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TI buys National Semiconductor

Posted: 06 Apr 2011 ?? ?Print Version ?Bookmark and Share

Keywords:acquisition? analog? IC? market?

The combined company also will benefit from National's manufacturing operations, located in Maine, Scotland and Malaysia, which TI will continue to operate. Each site has additional capacity to increase production. National's headquarters will remain in Santa Clara, California.

Under terms of the agreement, National stockholders will receive $25 in cash for each share of National common stock they hold at the time of closing. TI expects to fund the transaction with a combination of existing cash balances and debt. The acquisition is subject to customary closing conditions, including review by U.S. and international regulators and approval by National's shareholders. The transaction is expected to close in six to nine months.

According to Databeans, National was the fifth ranked vendor in 2009, but slipped to No. 7 as some of its competitors grew faster than National in the rebound year of 2010.

Greg Lowe, senior vice president of TI's analog business unit, said TI had done intensive analysis on National's product line and concluded that the two companies' product lines are generally complementary. In some areas where the two may appear on the surface to compete head-to-head, Lowe said, "if you peel back the onion" it becomes clear that the products are used in different applications.

Lowe gave as an example switch mode power supplies. TI offers its Swift switchers with integrated FETs, which are mostly used in low-voltage applications, while National offers its Simple Switchers, mostly used in high-voltage applications.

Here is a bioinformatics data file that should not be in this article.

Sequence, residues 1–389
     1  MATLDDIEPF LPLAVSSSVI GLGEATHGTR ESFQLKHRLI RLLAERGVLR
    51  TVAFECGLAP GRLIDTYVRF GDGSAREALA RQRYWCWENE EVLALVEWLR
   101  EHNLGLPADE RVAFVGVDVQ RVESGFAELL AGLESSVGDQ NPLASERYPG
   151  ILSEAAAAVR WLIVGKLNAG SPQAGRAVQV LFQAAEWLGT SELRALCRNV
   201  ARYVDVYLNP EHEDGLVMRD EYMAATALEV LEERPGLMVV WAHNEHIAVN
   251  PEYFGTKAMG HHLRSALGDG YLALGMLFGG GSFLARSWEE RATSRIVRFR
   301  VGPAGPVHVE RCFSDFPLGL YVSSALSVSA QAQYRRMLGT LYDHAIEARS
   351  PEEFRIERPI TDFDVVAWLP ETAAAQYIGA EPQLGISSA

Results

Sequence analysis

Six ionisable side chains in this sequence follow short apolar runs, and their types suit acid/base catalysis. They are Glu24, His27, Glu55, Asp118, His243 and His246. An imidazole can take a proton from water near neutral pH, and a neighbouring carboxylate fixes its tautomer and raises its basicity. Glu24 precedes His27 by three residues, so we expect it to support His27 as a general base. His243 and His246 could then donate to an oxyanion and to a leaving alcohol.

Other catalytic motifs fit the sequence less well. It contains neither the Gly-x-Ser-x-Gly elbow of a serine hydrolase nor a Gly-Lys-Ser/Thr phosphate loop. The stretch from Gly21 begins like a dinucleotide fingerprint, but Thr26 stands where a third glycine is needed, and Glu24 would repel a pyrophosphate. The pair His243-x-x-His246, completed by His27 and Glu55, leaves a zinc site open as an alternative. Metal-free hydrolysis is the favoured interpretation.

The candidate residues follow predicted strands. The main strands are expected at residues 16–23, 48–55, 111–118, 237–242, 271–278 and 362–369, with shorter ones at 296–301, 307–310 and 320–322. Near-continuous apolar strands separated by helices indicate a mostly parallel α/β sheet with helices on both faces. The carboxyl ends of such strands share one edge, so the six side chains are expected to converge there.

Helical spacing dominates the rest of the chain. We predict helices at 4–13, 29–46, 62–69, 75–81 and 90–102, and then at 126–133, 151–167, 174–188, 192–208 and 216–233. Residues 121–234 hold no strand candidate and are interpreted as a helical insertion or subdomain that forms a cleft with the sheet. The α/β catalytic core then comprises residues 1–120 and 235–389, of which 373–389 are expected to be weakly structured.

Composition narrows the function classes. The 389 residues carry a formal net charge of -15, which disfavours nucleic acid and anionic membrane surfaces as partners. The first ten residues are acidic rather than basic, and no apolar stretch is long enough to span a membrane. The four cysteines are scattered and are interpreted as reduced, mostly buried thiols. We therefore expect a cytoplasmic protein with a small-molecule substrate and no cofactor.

"We've analyzed this across a number of product areas, and when you peel the onion one single layer, the portfolios are complementary," Lowe said.

"Our two companies complement each other very well," said Don Macleod, National's CEO. "TI has much greater scale in the marketplace, with its larger portfolio of products and its large global sales force. This provides a platform to enhance National's strong and highly profitable analog capability, power management in particular, leading to meaningful growth."

According to Ohr, TI was looking into acquiring several companies in the $100 million to $300 million annual revenue range during the tail end of the most recent downturn.

TI ranked No. 4 in the world in overall semiconductor sales in 2010 with revenue of $11.9 billion. The addition of National's revenue would have made TI the No. 3 chip vendor in 2010, ahead of Toshiba and trailing only Intel Corp. and Samsung Electronics Co. Ltd, according to Gartner. National had revenue of $1.42 billion in its fiscal 2010.

According to market research firm IHS iSuppli, the acquisition would particularly bolster TI's lead in the market for voltage regulators. TI was the leading voltage regulator supplier in 2010, with $1.7 billion in revenue and market share of 18.1 percent, while National was the third largest supplier with market share of 15.2 percent, according to IHS. The combination would have given TI $.24 billion in regulator revenue for 2010, good for 26.5 percent of the market, IHS said.

The global voltage regulator market expanded by 36.3 percent to reach $9.1 billion in 2010, better than the overall IC growth of 32 percent, according to IHS. In the past nine years,, the global semiconductor market has expanded by 93.1 percent while the voltage regulator segment has expanded by 169.4 percent, IHS said.

According to IHS, the combined TI and National would have had analog IC revenue of $1.3 billion and 24.6 percent share of the analog market in 2010.

- Dylan McGrath
??EE Times


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